Black widow spiders and their Australian cousins, known as redbacks, are notorious for killing and devouring their partners. Astronomers have noted similar behavior among two rare breeds of binary system that contain rapidly spinning neutron stars, also known as pulsars, and have named them accordingly.
“The essential features of black widow and redback binaries are that they place a normal but very low-mass star in close proximity to a [rapidly spinning] pulsar, which has disastrous consequences for the star,” says Roger Romani, a member of the Kavli Institute for Particle Astrophysics and Cosmology, an institute run jointly by Stanford and SLAC National Accelerator Laboratory.
So far, astronomers have found at least 18 black widows and nine redbacks within the Milky Way, and additional members of each class have been discovered within the dense globular star clusters that orbit our galaxy. The main difference between the two is that black widow systems contain stars that are both physically smaller and of much lower mass than those found in redbacks.
When a massive star explodes as a supernova, the crushed core it leaves behind—a neutron star—squeezes more mass than the sun into a ball no larger than Washington, DC.
Young, an isolated neutron stars rotate a few thousand times per minute and emit beams of radio, visible light, X-rays and gamma rays. They also generate powerful outflows, or “winds,” of high-energy particles. The power for all this derives from the neutron star’s rapidly spinning magnetic field. Over time, as solitary pulsars wind down, their emissions fade.
Thirty-two years ago, astronomers discovered a new, much faster class of pulsars. These neutron stars spin at astonishing speeds, up to 43,000 revolutions per minute. Today, more than 300 of these so-called millisecond pulsars have been cataloged.
While young pulsars usually appear in isolation, more than half of millisecond pulsars have a stellar partner, suggesting that interactions with a normal star can make neutron stars spin faster. But how did isolated millisecond pulsars get their kick?
Enter black widows and their kin.
“The high-energy emission and wind from the pulsar basically heats and blows off the normal star’s material and, over millions to billions of years, can eat away the entire star,” says Alice Harding, an astrophysicist at NASA’s Goddard Space Flight Center in Greenbelt, Maryland. “These systems can completely consume their companion stars, and that’s how we think solitary millisecond pulsars form.”
For astronomers, an exciting aspect of the black widow and redback systems is the opportunity to observe how the stellar companion intercepts energy from the pulsar. In effect, the star serves as a vanity mirror, showing the pulsar’s emissions in tremendous detail.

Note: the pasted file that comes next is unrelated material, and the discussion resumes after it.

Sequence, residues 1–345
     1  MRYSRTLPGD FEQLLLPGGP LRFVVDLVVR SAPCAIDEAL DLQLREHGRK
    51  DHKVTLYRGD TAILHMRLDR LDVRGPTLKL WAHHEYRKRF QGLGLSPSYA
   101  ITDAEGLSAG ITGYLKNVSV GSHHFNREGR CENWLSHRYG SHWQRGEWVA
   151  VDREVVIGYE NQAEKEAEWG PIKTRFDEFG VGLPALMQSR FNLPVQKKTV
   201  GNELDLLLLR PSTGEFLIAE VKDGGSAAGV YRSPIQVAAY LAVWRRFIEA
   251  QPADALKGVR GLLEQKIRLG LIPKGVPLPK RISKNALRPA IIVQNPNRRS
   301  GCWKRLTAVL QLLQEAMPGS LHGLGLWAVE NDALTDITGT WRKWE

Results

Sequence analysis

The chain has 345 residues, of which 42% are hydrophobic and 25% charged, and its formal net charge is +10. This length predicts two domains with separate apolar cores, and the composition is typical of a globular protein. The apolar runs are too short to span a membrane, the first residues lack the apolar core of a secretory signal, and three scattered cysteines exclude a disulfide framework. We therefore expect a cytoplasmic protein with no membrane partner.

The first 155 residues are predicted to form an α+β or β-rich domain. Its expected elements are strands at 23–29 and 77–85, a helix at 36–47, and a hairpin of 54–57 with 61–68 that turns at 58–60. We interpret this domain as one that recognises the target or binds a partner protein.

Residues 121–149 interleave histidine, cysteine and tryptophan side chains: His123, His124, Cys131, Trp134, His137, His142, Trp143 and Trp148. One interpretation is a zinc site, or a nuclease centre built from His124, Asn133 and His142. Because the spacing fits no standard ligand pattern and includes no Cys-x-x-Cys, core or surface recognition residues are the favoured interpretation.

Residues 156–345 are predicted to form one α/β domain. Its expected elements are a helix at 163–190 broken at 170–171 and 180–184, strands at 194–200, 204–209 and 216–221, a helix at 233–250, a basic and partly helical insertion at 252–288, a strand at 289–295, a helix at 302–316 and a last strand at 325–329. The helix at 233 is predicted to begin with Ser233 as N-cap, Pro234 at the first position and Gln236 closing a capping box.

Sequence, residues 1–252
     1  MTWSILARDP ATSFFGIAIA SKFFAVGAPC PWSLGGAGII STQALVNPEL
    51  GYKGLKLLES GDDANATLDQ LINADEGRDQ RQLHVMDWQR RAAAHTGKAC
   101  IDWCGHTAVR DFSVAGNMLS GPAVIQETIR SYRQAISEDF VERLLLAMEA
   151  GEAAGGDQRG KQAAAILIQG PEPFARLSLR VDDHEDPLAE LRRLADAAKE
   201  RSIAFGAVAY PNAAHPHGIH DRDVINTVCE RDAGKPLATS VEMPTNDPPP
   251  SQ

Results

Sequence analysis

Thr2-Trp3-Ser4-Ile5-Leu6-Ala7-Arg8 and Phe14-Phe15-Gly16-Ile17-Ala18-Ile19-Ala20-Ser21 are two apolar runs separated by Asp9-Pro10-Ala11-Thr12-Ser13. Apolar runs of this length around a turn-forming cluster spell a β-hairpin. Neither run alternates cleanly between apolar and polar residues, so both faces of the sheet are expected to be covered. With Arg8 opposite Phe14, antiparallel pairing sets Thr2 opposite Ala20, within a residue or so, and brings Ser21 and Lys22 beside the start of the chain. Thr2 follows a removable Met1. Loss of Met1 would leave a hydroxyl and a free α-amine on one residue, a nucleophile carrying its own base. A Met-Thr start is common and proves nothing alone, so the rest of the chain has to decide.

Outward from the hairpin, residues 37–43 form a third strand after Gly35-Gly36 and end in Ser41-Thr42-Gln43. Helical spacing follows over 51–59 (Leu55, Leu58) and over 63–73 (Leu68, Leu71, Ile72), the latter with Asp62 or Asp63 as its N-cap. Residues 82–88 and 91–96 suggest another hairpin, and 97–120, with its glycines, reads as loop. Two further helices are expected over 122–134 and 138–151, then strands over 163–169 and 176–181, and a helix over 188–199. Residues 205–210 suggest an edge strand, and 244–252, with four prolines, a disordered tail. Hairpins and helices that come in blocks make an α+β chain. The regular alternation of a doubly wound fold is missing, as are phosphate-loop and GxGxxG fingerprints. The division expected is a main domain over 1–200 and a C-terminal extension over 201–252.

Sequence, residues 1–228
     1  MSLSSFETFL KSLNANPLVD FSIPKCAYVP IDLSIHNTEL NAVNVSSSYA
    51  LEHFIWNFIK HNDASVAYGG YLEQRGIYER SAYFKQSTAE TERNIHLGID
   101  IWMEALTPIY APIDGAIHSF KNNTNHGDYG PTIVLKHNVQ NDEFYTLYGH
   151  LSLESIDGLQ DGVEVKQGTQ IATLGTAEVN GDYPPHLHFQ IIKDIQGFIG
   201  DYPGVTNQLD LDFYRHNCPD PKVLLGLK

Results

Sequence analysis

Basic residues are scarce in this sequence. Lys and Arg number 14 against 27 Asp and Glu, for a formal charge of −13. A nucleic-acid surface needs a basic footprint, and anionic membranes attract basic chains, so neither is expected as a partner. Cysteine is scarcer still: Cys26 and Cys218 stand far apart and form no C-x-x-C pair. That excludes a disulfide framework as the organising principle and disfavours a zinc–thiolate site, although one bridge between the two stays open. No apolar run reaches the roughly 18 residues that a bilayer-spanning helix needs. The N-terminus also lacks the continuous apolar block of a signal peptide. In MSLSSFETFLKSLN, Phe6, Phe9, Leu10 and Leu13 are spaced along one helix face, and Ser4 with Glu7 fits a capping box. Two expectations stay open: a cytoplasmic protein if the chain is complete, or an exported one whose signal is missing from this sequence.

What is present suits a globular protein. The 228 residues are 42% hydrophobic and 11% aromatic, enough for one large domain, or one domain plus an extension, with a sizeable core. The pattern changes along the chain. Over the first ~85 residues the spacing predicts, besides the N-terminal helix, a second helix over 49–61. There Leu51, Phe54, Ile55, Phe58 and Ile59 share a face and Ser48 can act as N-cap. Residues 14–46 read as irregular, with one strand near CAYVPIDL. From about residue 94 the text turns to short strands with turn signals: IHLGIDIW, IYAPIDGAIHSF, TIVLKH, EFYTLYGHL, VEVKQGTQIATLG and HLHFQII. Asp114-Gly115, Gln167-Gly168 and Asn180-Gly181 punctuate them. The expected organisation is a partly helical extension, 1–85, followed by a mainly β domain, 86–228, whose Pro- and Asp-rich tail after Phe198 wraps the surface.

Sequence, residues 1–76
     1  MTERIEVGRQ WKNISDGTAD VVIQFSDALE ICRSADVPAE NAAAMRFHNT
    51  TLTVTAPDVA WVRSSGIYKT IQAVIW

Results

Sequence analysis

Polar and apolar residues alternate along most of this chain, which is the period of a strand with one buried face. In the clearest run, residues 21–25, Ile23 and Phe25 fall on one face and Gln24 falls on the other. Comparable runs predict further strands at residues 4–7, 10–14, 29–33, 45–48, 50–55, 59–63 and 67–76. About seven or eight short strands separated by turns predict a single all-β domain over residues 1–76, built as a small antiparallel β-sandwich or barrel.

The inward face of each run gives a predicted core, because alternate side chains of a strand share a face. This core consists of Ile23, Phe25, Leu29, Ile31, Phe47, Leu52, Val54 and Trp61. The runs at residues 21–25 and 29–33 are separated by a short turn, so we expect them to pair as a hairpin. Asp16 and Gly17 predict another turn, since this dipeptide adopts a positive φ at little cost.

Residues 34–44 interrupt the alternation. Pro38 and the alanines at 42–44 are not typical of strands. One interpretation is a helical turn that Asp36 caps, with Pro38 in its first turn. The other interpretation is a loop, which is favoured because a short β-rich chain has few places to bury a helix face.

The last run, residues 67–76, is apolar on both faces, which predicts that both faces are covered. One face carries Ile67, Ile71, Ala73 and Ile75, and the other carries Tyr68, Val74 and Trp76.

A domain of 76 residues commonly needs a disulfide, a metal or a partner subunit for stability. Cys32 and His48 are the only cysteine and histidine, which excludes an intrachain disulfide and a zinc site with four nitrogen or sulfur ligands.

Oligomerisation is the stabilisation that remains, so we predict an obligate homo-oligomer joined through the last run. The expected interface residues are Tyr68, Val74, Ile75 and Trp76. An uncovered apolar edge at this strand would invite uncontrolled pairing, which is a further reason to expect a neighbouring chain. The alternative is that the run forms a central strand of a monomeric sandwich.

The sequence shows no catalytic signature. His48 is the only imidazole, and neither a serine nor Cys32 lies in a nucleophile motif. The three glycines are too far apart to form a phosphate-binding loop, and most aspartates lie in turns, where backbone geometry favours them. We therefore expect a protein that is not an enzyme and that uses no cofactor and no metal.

The Fermi Gamma-ray Space Telescope, which orbits the Earth, excels at locating millisecond pulsars, with more than four dozen found to date. Pulsars stand out to Fermi as prominent gamma-ray sources, but searching for their pulsations in Fermi data is extraordinarily difficult without knowing more about the system. Follow-up surveys with radio telescopes are usually the first to pick up actual pulses, providing confirmation that the object is indeed a pulsar. By narrowing down the timing and other parameters, radio studies also enable Fermi scientists to also tease out the gamma-ray pulses from Fermi data.
When Romani began investigating a source of pulses found by Fermi now known as PSR J1311-3430 (J1311, for short), he imaged the system in visible light. This revealed a faint star that changed color from an intense blue to a dull red—hot and cold, for stars—every hour and a half. Romani conjectured that the star was orbiting and being dramatically heated by a compact object, most likely a pulsar, and suggested that the system was a new black widow.
His measurements indicate that the side of the star facing the pulsar is heated to more than 21,000 degrees Fahrenheit, more than twice as hot as the sun’s surface. The cool red side reveals the true color of the pipsqueak star, glowing at a temperature of 5000 Fahrenheit or lower. From these temperatures, the scientists estimate that the companion is between 12 and 17 times the mass of Jupiter.
Holger Pletsch at the Albert Einstein Institute in Hannover, Germany, led an international team on an effort to comb through four years of Fermi LAT data in a search for gamma-ray pulses from J1311. The orbital information established by Romani’s work significantly narrowed the search, but the unknown pulsar parameters still left 100 million billion combinations to explore. Nevertheless, armed with a new, more efficient method, they detected a millisecond pulsar that rotates 390 times a second—more than 23,000 rpm.
J1311 is the first millisecond pulsar ever detected using only gamma rays.
J1311 and other black widow and redback binaries offer unique natural laboratories for studying pulsars up close through the disastrous effects on their partners, which are distorted by the neutron star’s tidal pull, inflamed by its gamma rays, pummeled with particles accelerated to near the speed of light, and ultimately evaporated in a breakup of cosmic proportions.
A version of this article was originally published by NASA.